However, while the nuisance issues at Raj Singh and Kiran Rawat’s Hell House property in Elk Grove were ultimately resolved in Sacramento County Case 34-2017-00216691 , the owners of that property Hell owned 21 other properties in the Sacramento area. Therefore, the Sacramento District Attorney’s Office sought to press criminal charges against the owner, Raj Singh, who was sentenced to 12 years in prison for his role in numerous scams. The question the D.A.'s office had to answer was what to do with all of Raj Singh and Kiran Rawat’s properties, which endangered neighborhoods throughout Northern California. The answer was to appoint a receiver over all the properties owned by Raj Singh and Kiran Rawat, which included properties in Sacramento County, Placer County and Sierra County. The Sacramento County Superior Court granted the extraordinary remedy of placing 21 properties from three counties into receivership.
Since the appointment of Gerard Keena and Bay Area Receivership Group to these properties, almost all of them have been sold to new responsible owners. This has resulted in neighborhood nuisances across the three counties being abated.
8) City of Sacramento v. Linda Siegrist, (2246 Waterford Street Sacramento, CA) Sacramento County Case No. 32017-00208157
This case has been with the Sacramento County Court since 2017, and contains unfortunate facts. The owners, for all intents and purposes, appear to be kindhearted people that are unable to care for their property. The residents also appear to have hoarding issues, which include harboring dozens of cats at the property. As a result of the residents’ inability to care for the property, and subsequent potential mental health issues, the property has become a nuisance to the entire neighborhood.
The City of Sacramento has tried for years to obtain voluntary compliance from the couple, but these efforts have been unsuccessful. Therefore, on March 16, 2021, nearly four years after the initial lawsuit was filed, Gerard Keena and Bay Area Receivership Group were appointed over the property. Since the appointment of a receiver the nuisance conditions have deteriorated significantly and substantial progress has been made to improve the property and the surrounding community.
9) City of Sacramento v. Nadia Zhiry, (1039-1049 Claire) Sacramento County Case No. 2017-00208154
This property was the site of an animal cruelty investigations due to numerous animals, such as pigs, chickens, and dogs, living in a home full of debris and illegally stored vehicles. The owners had previously agreed to an injunction to clean up their activities. However, when animal control and code enforcement attempted to confirm the owners were abiding by the court order they were turned away. Therefore, a police helicopter was used to take photos of the property, which confirmed that the activities were ongoing.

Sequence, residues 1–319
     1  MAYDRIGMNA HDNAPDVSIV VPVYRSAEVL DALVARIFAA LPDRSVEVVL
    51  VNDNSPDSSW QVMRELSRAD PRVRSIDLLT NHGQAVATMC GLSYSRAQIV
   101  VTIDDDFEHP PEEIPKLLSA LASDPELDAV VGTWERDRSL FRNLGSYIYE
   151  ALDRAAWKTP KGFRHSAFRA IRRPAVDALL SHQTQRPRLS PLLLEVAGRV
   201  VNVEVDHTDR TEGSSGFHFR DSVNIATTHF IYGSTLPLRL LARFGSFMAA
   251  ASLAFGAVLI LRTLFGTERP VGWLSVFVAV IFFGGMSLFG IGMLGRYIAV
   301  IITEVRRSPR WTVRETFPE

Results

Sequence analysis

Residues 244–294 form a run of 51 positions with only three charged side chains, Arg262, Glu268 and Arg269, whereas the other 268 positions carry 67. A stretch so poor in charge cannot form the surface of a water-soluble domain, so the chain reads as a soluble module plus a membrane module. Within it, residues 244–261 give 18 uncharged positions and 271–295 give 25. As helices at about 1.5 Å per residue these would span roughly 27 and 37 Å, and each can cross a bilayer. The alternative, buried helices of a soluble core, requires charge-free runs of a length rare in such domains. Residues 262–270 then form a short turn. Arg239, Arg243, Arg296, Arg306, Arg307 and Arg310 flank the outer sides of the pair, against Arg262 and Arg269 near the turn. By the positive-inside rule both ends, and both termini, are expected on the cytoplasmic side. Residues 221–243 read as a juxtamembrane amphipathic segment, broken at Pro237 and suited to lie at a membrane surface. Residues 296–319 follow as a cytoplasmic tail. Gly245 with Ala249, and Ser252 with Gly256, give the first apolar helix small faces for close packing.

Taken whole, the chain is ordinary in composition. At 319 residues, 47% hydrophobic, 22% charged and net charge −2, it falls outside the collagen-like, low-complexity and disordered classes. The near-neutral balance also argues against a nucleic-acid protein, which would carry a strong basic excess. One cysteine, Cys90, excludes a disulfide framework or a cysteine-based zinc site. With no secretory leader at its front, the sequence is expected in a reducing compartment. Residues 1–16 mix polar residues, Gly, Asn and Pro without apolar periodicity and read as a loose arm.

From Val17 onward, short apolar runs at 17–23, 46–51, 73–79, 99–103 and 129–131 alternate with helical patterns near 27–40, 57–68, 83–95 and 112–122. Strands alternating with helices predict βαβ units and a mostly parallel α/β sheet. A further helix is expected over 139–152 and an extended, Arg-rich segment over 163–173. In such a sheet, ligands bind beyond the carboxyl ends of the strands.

As a result of the ongoing nuisance activities at the property the City of Sacramento successfully appointed Gerard Keena as a receiver over the property on April 7, 2021. Since that time the receiver and his team at Bay Area Receivership Group have been diligently working to abate the numerous conditions at the property.
10) County of Sonoma v. Tinker, (18450 First Ave, Sonoma, CA) Sonoma County Case No. SCV264342
This property was in substandard condition for nearly twenty years and the County Health Department became involved when the smell of rat urine permeated the neighborhood. When county health officials inspected the property, they found numerous vehicles with smashed headlights, trash all over the interior and exterior of the property and no running water, which meant people living at the property could not flush toilets, and a number of other health hazards were noted.
On May 15, 2019, the court appointed a receiver over the property, but that receiver was headquartered in Southern California and had difficulty with the hazards this property presented. Therefore, the receiver reached out to Gerard Keena and Bay Area Receivership Group to take over his appointment. Once Mr. Keena and Bay Area Receivership Group were in control they began to immediately abate the numerous conditions at the property.
12) Daniel L'Abbe v. Aeron Howell, (232 Downey Street, San Francisco, CA) San Francisco Case No. CGC-19-579149
In this case, a frustrated Neighborhood Watch saw one of their neighbors intentionally destroying his home. It is believed this neighbor was destroying his home in order to win money in a separate probate lawsuit, but those findings are inconclusive. Regardless of the reasons why it occurred, the owner let the property become a nuisance that impacted the surrounding community by having debris everywhere, which resulted in rat and insect infestation.
The neighbors were able to get the City and County of San Francisco Health Department to inspect the property and issue a finding that the property constituted a nuisance. Using this finding, the neighborhood group moved forward with a public nuisance lawsuit. Once the court found the property to be a public nuisance, the neighbors were able to appoint Gerard Keena as receiver pursuant to CCP 564(b)(3) and (b)(9) to enforce the judgment.
Since the receiver's appointment, the property has been rehabilitated significantly and will soon be listed for sale to a responsible owner.